by Sam Rasnake
To believe in everything is the way I would choose — a certainty for the next moment, and the next. Scenes of the day — houses along the road, dog in the yard, grackles on telephone wire, huddled there for the winter wars, the steady whirr of a car, two children walking to the river — play out their pitiful narratives: stories that are really no story at all. I want to make more out of them than can be made, want to give them substance, do this or that. This one lost, no way to come back home. This one afraid to sleep. Another wants to be a chef, mechanic, or singer. But the world is too fractured. None of this will happen, ever. The children walk on, the car finds its drive, and the dog, looking back just once as if to say something, disappears into the woods. The grackles stay on the wire.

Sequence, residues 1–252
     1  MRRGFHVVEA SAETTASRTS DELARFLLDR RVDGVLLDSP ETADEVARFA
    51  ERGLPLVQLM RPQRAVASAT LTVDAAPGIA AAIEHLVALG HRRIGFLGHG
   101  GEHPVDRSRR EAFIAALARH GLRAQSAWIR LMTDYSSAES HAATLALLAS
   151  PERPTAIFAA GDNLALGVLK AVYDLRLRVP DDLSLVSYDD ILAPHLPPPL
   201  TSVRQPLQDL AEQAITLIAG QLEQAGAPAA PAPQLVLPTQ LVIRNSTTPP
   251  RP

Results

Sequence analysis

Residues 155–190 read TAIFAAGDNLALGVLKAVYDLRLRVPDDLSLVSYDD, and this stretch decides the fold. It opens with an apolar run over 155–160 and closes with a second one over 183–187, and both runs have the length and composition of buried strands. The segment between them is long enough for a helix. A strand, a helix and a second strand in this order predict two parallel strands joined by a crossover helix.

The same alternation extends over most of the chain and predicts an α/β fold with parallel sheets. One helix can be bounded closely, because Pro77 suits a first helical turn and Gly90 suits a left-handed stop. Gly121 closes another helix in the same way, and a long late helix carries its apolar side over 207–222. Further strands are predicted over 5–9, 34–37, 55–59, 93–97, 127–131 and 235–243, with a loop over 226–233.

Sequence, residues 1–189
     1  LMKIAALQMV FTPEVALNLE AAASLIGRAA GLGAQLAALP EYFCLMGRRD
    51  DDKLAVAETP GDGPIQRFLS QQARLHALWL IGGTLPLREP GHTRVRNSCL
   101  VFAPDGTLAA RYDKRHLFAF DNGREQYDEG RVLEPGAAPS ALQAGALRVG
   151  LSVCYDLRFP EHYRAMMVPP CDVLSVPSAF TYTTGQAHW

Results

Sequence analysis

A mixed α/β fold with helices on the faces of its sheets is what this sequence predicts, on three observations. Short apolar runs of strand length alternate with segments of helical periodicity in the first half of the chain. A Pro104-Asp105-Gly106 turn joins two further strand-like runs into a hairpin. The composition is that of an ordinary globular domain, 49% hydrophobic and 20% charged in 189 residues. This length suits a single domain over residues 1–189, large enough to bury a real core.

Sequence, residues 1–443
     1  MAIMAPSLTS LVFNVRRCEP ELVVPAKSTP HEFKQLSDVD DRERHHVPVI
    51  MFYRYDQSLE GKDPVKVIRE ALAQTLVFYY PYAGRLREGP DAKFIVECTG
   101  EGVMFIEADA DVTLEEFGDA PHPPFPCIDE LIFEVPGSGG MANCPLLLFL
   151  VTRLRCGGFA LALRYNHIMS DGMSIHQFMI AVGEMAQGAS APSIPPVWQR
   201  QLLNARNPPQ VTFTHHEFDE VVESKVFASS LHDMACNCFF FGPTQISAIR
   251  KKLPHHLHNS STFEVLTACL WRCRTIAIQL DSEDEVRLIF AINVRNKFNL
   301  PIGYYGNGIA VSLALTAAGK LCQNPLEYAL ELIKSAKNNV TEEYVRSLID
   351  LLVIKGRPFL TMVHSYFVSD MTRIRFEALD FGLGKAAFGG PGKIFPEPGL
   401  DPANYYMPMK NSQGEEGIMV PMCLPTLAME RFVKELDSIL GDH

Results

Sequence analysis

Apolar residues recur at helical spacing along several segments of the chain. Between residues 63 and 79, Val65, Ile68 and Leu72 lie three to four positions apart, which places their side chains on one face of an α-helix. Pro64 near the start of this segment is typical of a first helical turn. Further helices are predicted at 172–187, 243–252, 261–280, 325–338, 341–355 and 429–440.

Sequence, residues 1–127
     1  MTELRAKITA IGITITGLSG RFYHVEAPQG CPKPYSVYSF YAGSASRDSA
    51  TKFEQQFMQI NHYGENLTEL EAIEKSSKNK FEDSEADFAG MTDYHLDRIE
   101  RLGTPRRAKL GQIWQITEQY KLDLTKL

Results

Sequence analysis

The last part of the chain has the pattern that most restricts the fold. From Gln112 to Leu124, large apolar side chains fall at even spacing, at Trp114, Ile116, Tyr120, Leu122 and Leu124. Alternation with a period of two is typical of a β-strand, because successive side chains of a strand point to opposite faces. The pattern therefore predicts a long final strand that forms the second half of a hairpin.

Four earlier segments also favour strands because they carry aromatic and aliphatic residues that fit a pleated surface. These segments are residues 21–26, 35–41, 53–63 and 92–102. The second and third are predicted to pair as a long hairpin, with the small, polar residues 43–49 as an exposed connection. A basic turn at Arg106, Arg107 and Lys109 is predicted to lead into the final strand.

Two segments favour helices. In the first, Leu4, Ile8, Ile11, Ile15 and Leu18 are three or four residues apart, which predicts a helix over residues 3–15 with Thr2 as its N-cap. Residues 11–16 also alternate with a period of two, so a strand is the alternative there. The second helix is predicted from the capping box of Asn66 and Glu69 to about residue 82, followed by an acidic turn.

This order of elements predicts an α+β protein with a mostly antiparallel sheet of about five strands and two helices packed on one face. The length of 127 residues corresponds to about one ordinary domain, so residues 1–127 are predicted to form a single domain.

— originally published in Metazen, and later
included in Inside a Broken Clock
All rights reserved.
A prose poem, in block form - with a bit of flash / non-fiction thrown in for good measure - meant to be read as a sonnet as well ... though the lines can't appear in their exact form here in FN.
In my journal, there's art with this piece. A full scene.
I’d been reading Raymond Carver for a week or so – At some point an image emerged and stayed with me. I wrote it down.
Published some time back in the outstanding and irreplaceable Metazen.
The piece was later included in Inside a Broken Clock.